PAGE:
Combination therapy offers benefits for men with BPH

October 29, 2009

Final results from a large, 4-year study shows that combination treatment with dutasteride (Avodart) and tamsulosin (Flomax) reduces the risk of acute urinary retention or BPH-related surgery and reduces the risk of BPH clinical progression more than tamsulosin alone.

Final results from a large, 4-year study shows that combination treatment with dutasteride (Avodart) and tamsulosin (Flomax) reduces the risk of acute urinary retention or BPH-related surgery and reduces the risk of BPH clinical progression more than tamsulosin alone.

Results from the Combination therapy with Avodart and tamsulosin (CombAT) study also showed that combination treatment delivered sustained symptom improvement from month 9 compared with either drug alone.

"[The CombAT study] provides evidence that dutasteride and tamsulosin together may benefit [men with BPH], potentially reducing the long-term risk of disease progression and improving their symptoms," said principal investigator Claus G. Roehrborn, MD, of the University of Texas Southwestern Medical Center, Dallas.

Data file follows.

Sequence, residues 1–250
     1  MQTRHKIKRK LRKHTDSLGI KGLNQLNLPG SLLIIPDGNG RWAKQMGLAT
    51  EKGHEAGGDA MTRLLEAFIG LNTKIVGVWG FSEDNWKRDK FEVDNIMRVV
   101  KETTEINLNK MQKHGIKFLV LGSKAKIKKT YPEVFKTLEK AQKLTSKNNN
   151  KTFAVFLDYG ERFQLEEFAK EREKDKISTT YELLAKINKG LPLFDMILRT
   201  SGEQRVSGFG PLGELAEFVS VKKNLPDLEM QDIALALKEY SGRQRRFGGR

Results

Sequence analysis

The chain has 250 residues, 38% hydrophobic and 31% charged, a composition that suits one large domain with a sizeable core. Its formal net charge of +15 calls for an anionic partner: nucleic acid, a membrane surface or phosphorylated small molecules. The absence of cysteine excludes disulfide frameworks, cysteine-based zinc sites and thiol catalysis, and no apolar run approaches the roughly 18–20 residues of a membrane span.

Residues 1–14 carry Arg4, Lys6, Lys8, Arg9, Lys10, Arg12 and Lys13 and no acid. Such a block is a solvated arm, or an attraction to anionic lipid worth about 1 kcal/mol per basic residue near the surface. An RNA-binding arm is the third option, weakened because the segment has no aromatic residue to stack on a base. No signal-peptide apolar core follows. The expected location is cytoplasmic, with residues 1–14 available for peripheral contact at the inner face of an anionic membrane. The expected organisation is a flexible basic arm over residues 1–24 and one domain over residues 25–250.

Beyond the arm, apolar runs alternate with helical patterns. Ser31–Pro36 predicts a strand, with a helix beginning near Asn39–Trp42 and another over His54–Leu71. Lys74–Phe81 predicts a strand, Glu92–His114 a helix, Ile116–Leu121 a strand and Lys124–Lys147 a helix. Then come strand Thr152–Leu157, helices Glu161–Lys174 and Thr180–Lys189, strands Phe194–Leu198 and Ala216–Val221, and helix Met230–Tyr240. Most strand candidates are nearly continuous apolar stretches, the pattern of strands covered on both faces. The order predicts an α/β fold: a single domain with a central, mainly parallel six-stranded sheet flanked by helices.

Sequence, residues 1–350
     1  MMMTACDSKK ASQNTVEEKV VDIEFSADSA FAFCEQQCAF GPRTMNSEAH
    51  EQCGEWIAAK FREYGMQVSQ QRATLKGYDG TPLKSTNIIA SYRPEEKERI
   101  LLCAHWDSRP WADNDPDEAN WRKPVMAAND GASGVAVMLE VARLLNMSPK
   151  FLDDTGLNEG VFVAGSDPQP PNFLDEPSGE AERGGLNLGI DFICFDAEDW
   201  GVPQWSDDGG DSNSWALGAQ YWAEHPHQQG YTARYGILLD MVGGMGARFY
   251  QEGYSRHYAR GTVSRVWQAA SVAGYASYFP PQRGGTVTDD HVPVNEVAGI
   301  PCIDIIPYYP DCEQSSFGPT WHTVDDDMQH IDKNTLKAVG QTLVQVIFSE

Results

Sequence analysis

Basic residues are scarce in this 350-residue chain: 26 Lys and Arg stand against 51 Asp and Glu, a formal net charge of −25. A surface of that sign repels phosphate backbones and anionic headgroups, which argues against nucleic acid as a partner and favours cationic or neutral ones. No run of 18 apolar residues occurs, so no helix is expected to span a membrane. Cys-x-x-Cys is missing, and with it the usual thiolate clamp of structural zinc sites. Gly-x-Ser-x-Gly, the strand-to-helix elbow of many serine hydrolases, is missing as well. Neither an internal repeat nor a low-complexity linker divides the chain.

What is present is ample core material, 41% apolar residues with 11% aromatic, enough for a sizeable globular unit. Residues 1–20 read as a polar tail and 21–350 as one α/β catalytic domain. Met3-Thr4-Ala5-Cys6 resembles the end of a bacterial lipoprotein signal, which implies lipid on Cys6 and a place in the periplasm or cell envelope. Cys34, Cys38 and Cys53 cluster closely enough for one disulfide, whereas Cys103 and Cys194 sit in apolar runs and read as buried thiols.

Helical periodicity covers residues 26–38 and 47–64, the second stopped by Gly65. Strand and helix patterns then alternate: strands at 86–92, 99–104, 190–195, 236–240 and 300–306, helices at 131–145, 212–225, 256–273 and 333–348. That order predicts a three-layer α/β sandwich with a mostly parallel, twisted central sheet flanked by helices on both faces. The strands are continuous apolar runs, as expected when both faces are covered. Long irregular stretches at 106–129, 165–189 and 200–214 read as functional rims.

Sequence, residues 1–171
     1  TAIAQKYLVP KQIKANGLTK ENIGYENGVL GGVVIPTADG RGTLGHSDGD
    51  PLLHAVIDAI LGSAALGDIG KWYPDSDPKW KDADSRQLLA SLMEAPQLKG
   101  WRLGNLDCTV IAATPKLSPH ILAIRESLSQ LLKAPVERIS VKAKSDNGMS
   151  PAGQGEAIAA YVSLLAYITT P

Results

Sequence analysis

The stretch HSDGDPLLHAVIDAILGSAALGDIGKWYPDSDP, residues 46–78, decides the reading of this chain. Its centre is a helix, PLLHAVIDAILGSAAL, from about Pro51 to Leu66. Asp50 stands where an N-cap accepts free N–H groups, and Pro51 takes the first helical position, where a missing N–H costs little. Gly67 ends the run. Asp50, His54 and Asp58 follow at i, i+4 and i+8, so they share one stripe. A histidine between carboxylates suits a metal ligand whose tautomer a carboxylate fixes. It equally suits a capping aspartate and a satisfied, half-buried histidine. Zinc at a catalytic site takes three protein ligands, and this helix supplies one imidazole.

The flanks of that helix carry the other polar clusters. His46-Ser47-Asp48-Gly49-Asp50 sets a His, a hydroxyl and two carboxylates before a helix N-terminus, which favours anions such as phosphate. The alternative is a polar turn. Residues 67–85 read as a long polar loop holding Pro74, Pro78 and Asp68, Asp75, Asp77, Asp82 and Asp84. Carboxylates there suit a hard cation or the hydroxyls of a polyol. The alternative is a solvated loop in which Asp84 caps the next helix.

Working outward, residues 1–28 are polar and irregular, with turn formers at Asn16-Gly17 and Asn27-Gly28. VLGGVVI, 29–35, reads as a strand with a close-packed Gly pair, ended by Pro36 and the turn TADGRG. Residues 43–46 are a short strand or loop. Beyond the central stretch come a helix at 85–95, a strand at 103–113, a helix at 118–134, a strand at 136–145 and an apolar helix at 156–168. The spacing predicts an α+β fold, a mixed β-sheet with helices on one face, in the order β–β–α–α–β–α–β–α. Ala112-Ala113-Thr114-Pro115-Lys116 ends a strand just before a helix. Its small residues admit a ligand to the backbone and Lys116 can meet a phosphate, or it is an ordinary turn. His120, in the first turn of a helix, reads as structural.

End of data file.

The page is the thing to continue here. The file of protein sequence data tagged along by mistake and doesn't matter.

The study results, which were published online in European Urology (Sept. 19, 2009), showed a significant 66% reduction in the risk of acute retention or BPH-related surgery with combination treatment compared with tamsulosin (pp=.18). The risk of BPH clinical progression with combination treatment was reduced by 44% compared with tamsulosin and 31% for those on dutasteride.

Men in the study who had moderate to severe symptoms of BPH at enrollment reported a significant improvement in BPH symptoms at 4 years, with a mean change from baseline of -6.3 points compared with -3.8 for tamsulosin and -5.3 for dutasteride alone, as measured by the International Prostate Symptom Score.

The combination therapy was generally well tolerated, and most reported drug-related adverse events were as anticipated from the known safety profiles of the two drugs, with erectile dysfunction and retrograde ejaculation as the most commonly reported drug-related adverse events.